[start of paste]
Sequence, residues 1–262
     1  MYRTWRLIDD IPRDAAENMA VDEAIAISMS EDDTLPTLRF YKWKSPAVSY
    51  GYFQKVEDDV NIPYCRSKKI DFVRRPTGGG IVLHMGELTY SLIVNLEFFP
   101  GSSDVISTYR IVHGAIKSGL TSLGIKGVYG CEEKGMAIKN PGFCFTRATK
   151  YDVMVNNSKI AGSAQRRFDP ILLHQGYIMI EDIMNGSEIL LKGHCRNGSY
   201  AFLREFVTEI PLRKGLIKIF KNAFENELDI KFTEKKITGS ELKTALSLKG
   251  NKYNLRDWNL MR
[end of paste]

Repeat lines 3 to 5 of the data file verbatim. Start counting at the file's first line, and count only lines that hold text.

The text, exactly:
    51  GYFQKVEDDV NIPYCRSKKI DFVRRPTGGG IVLHMGELTY SLIVNLEFFP
   101  GSSDVISTYR IVHGAIKSGL TSLGIKGVYG CEEKGMAIKN PGFCFTRATK
   151  YDVMVNNSKI AGSAQRRFDP ILLHQGYIMI EDIMNGSEIL LKGHCRNGSY